Jeff Mikulina

Jeff Mikulina, chief executive officer of the Blue Planet Foundation to present at World Town Planning Day

The Department of Urban and Regional Planning (DURP) at the University of Hawaiʻi at Mānoa will celebrate World Town Planning Day 2014 on Friday, November 7, 6 p.m. in Crawford 105. This year’s theme is Ecosystem-Based Adaptation: Using Nature to Respond to Climate Change. The event, which is co-hosted by the American Planning Association Hawaiʻi Chapter, will include a presentation, panel discussion and awards ceremony. The event is free and open to the public.

Presentation: “Planning to Act: Harnessing (Human) Nature to Solve our Climate Challenge”

Jeff Mikulina, chief executive officer of the Blue Planet Foundation, will give a presentation titled, “Planning to Act: Harnessing (Human) Nature to Solve our Climate Challenge.”

Mikulina has been awarded an EPA Environmental Hero Award, selected as one of “40 Under 40” by Pacific Business News, chosen as one of “10 for Today” by Hawaiʻi Business magazine and recognized by the Honolulu Star-Bulletin as among “10 Who Made a Difference.” He received a master’s of science degree in engineering from the University of Illinois at Urbana-Champaign studying decision theory.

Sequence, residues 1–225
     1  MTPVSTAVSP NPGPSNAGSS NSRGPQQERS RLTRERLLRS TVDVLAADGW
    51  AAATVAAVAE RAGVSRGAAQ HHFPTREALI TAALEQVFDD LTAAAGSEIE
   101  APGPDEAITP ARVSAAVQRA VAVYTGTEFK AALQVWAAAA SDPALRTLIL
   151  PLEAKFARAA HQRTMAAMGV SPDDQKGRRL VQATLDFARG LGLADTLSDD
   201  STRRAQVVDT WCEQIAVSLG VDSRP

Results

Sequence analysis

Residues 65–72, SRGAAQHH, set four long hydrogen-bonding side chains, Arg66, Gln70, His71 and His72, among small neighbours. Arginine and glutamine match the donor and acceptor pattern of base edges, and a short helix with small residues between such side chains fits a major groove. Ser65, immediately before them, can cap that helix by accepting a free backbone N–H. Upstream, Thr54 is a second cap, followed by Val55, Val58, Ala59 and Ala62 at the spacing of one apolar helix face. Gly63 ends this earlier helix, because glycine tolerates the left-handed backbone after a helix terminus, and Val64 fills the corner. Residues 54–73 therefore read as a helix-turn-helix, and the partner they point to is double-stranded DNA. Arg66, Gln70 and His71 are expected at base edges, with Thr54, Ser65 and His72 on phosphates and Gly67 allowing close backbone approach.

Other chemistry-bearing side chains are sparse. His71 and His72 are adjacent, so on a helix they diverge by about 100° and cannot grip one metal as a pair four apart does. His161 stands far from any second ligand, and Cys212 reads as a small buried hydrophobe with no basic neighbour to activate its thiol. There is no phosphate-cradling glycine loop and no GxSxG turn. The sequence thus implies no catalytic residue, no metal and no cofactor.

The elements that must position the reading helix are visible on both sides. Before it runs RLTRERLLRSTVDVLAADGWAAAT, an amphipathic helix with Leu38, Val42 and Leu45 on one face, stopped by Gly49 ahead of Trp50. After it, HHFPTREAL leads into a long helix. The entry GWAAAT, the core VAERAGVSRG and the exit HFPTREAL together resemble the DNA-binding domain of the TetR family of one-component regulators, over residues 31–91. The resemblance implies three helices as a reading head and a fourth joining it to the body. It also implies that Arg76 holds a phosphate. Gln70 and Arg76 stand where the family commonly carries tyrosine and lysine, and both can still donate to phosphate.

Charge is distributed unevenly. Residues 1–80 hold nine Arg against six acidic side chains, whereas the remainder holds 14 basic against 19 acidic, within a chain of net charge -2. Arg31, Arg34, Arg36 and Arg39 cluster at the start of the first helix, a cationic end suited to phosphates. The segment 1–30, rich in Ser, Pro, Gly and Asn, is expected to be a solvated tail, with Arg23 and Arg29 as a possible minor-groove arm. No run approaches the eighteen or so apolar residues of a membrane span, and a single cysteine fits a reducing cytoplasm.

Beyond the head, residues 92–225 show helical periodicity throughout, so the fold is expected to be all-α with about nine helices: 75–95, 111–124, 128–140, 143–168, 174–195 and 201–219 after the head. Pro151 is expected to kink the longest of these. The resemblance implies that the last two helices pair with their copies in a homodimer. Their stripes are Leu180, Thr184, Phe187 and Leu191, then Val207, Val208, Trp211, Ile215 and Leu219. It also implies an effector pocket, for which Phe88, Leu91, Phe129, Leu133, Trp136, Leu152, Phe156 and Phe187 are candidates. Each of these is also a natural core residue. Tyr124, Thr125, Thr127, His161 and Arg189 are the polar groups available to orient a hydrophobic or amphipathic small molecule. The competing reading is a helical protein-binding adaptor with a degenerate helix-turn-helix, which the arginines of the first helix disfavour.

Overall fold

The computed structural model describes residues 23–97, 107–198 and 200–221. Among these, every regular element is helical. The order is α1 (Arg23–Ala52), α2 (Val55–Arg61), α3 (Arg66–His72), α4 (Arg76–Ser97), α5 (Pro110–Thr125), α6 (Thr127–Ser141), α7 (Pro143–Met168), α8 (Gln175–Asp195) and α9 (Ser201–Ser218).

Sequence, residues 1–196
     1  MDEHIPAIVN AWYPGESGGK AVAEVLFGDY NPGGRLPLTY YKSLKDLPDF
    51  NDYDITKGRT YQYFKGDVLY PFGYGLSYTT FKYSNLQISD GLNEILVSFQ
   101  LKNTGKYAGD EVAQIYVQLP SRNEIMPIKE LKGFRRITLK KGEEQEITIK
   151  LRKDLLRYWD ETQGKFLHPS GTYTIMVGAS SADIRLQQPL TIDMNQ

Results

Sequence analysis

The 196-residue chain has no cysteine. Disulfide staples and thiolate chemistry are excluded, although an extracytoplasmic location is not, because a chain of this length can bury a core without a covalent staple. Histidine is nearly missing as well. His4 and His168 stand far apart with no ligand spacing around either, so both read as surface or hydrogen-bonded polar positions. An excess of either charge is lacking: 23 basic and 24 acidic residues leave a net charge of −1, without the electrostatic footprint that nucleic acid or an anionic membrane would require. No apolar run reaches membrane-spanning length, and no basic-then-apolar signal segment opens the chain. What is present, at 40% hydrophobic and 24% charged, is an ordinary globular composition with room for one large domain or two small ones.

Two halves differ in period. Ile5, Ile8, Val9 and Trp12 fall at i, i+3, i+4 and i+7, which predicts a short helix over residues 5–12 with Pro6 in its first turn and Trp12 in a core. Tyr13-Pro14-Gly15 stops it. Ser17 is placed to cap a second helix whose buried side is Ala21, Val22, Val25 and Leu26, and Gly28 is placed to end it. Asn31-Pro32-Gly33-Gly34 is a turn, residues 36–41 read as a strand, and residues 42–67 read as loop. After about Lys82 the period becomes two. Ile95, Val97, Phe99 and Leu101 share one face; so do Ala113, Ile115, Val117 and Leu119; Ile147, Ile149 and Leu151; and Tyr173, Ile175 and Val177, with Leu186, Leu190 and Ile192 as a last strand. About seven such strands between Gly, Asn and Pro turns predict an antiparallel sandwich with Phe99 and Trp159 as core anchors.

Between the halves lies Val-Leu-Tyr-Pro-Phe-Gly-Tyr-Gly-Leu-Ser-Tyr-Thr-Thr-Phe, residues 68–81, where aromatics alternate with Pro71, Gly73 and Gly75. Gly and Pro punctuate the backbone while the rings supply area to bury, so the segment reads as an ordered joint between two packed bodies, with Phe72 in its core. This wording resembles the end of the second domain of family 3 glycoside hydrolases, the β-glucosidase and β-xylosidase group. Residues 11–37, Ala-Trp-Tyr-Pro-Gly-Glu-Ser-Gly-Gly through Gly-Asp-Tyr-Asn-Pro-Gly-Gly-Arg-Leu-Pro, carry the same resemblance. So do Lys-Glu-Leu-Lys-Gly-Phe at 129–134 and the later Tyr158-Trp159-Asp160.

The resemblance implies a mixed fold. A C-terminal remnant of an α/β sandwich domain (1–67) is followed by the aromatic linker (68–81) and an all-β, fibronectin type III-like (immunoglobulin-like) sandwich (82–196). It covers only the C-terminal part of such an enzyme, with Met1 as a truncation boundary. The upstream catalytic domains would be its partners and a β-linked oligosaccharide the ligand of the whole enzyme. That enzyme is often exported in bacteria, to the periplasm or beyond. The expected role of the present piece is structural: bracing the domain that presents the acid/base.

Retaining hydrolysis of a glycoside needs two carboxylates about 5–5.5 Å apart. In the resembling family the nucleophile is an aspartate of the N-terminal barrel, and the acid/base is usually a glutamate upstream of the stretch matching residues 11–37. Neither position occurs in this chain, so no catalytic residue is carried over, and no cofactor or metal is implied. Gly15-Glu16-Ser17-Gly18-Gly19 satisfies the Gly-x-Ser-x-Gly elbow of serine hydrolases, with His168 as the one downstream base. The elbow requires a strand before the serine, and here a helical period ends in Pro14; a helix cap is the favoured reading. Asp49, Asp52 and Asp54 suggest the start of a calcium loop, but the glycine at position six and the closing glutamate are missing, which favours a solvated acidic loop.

Panel discussion: “Ecosystem-Based Adaptation: Using Nature to Respond to Climate Change”

A three-member panel discussion, “Ecosystem-Based Adaptation: Using Nature to Respond to Climate Change,” will be led by Daniele Spirandelli, an assistant professor in DURP and Sea Grant College.

The panelists

  • Greg Guannel, The Natural Capital Project, Stanford University
  • Wendy Meguro, assistant professor, UH Mānoa Architecture and Sea Grant College
  • Suwan Shen, assistant professor, DURP

Many recent climate change adaptation initiatives have focused on the use of technologies and the design of climate-resilient infrastructure. However, there is growing recognition of the role that healthy ecosystems can play in helping people adapt to climate change. Hawaiʻi’s healthy ecosystems provide drinking water, habitat, shelter, food, raw materials, genetic materials, a barrier against disasters, a source of natural resources and many other ecosystem services on which the people and communities of Hawaiʻi depend for their livelihoods.

Awards

A ceremony will honor the winners of the Planner Who Made a Difference, Dinell Outstanding Alumni, APA Student and scholarship awards.

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